A positive discussion regarding allowing detached accessory dwelling units took place. Tara wanted to know if it mattered to the board what the buildings looked like. The resounding theme of the conversation was yes.
Multi-family dwelling units currently require a special exception across the board. The question was asked if this ordinance could be changed to permitted use, which would change how buyers access their financing. Mike spoke against this proposal stating that this would remove the opportunity for abutters to oppose the project. He felt it was important to consider how a multi-family project would affect the neighborhood. Most of the board agreed with Mike. Martie stated she had mixed emotions.
- If the building already exists, it shouldn’t have to go to ZBA.
- If someone wanted to put in a bunch of duplexes, they wouldn’t have to go to ZBA.
- Most buildings on Main St are already multi-family and should be exempt.
- New buildings would need ZBA approval.
Kaela refers to the Zoning Ordinances and points out current lot coverage for multi-family units is low and asks if that is a good outcome?
Tara feels the current lot coverage standards are discouraging.
Mike pointed out that the survey results supported smaller single-family housing and not multi-family units.
The discussion moves on to Cottage Community, which would create rules for small stand-alone units within a defined neighborhood. The current Zoning Ordinances allow for cluster developments. How does that work for a cottage community, which would have smaller lot sizes, smaller footprints, front porches that all face towards a common outdoor space, with designated parking areas.
A Cottage Community offers more opportunity for families who are downsizing, and the smaller lots are more cost effective. To achieve this outcome, the minimum lots size in the Cluster Development would need to be lowered. Most of the board expressed no concerns, although Mike does not think Cottage Communities should be allowed n District 1 Main St.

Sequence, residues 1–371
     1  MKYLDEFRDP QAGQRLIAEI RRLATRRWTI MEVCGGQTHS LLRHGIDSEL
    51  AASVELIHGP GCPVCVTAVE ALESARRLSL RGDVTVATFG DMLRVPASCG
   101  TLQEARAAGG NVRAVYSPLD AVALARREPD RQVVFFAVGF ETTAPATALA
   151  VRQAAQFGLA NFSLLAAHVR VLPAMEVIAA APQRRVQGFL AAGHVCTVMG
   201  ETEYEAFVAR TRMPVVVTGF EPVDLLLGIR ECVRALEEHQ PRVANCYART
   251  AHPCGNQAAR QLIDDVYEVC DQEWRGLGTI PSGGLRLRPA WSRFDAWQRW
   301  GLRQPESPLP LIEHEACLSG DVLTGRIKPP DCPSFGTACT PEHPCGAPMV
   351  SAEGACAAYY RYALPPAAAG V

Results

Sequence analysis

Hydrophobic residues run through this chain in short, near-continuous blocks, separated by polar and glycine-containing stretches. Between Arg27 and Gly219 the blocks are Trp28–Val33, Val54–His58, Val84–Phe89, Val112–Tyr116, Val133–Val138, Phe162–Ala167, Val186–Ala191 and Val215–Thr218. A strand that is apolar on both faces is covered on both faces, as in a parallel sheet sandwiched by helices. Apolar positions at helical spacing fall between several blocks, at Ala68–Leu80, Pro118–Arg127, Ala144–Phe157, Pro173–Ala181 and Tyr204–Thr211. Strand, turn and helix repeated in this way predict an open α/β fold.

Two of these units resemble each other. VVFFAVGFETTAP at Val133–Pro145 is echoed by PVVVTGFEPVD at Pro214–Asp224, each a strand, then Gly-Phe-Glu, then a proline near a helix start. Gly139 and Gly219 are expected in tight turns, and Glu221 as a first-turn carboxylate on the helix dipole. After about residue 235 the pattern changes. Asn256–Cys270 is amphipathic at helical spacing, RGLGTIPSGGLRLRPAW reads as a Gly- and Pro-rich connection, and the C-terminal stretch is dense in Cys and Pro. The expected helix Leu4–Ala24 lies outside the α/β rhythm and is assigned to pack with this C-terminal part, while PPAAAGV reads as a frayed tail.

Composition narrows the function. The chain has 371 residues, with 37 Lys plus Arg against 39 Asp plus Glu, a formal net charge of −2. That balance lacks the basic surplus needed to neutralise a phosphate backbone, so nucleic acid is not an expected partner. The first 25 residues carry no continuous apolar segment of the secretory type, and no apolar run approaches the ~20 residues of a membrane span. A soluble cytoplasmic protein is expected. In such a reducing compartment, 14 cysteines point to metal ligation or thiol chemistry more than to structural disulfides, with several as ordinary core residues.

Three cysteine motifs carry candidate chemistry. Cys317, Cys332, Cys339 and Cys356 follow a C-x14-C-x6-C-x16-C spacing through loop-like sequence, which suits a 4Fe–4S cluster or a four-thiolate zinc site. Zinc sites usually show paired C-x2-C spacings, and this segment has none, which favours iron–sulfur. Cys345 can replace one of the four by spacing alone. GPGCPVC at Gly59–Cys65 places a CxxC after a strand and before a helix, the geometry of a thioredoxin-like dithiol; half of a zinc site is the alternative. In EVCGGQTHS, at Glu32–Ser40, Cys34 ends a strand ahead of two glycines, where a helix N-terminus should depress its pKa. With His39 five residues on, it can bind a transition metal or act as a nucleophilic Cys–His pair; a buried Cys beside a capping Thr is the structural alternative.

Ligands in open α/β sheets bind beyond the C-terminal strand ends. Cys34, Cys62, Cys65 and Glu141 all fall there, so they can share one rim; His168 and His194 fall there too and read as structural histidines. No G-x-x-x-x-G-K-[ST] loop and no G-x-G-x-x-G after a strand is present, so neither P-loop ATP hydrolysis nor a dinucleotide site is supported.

On the topic of density, Tara is not sure changing the density fits the conversation. It is suggested that Tara and Kaela look at this issue further and get back to the Planning Board.
Kaele informs the board that there are currently 130 available short-term rentals in Bethlehem, with the majority of those being entire homes. How can the town regulate this? Some case law exists. The only way to separate them is to define them. Some questions to consider are:
Ø Should the rental of single-family homes for transient use be limited (for example, to 120 days) to discourage the conversion of homes to short-term rentals?
Ø Should the rental of rooms in a home where the resident is present be treated differently than rental of a whole home?
Ø Similarly, should the rental of an accessory dwelling unit or the other unit of a duplex where the owner resides there be treated differently?
Ø Should it be easier to rent one or two rooms to year-round residents or seasonal employees than it is to rent to those staying for a shorter time?
Ø Should some of these scenarios be considered home businesses?
Ø Should some of these scenarios trigger minor site plan review?
Ø Should the rental of units in a multi-family dwelling unit be treated differently?
Ø Should a permitting system to be used to set basic requirements around safety, and good neighbor policies?
The first work session with Tara is scheduled for Wednesday, September 27, 2023, at 6:00 pm.
Jerry Blanchard motioned to adjourn at 8:37. Kevin Roy seconded. Motion passes 7-0.
Dawn Ferringo, Planning and Zoning Board Clerk